Now That Everyone Has Cell Phones, What Should New York City Do With All Those Phone Booths?

The Citizen's Guide to the Future
Dec. 5 2012 12:05 PM

Michael Bloomberg Wants To Do Something Cool With New York's Phone Booths

WiFi phone booth
A WiFi-enabled phone booth in Hong Kong.

Photo by Mike Clarke/AFP/Getty Images

Just 15 years ago, New York City had 35,000 phone booths. Thanks to cell phones it now has just 11,000, most of which serve little purpose for anyone but Clark Kent. Mayor Michael Bloomberg wants to change that.

In a contest that it's billing as the first of its kind in the world, the Bloomberg administration is calling on techies, urban designers, and policy wonks to reinvent the payphone for the 21st Century. For a few months now the city has been experimenting with turning a handful of its phone booths into WiFi hotspots, replacing the alphanumeric keypads with touchscreens, and displaying digital ads on the kiosks. And of course it's crucial that the city's remaining payphones still be able to make calls, as Hurricane Sandy proved.

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But Bloomberg thinks they can do more. Notably, he introduced the challenge by appearing via video at Tuesday night's New York Tech Meetup, a monthly gathering that draws thousands of young techies and aspiring entrepreneurs to watch startup demos and network with one another. The city's chief digital officer, Rachel Haot, and IT commissioner, Rahul Merchant, appealed to the meetup's members in person to participate. Merchant said that with a little creativity, New York's payphone infrastructure could become the city's most important public technological asset.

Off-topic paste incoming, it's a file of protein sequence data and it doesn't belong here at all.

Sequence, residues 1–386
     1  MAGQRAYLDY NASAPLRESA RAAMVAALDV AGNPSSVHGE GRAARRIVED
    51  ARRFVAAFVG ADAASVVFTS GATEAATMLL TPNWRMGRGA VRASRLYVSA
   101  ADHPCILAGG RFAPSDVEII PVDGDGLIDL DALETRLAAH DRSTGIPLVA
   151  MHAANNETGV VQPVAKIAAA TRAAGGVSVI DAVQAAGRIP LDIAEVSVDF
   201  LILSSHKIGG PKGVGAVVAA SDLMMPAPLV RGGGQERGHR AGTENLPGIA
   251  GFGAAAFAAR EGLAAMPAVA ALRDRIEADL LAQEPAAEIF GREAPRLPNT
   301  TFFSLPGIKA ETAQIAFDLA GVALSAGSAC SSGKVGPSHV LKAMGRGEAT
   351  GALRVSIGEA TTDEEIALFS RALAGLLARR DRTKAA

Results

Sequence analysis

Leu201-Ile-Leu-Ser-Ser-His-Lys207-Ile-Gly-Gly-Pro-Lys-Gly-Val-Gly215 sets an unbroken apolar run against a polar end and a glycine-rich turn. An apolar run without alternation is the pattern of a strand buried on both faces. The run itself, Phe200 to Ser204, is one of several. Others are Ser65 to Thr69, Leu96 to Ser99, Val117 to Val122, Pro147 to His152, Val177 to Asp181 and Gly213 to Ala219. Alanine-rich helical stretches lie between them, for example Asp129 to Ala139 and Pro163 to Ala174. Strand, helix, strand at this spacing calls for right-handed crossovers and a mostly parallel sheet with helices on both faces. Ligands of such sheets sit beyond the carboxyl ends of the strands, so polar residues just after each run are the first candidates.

Anyone can enter the payphone challenge by visiting nyc.gov/reinventpayphones. An information session on Jan. 23 will give participants a chance to ask questions and learn more about the infrastructure and what the city hopes to get from it. Prototype applications are due in February, and the semi-finalists will show off their ideas at a demo day on March 5.

Meanwhile, feel free to brainstorm in the comments below.

Future Tense is a partnership of SlateNew America, and Arizona State University.

Will Oremus is Slate's senior technology writer.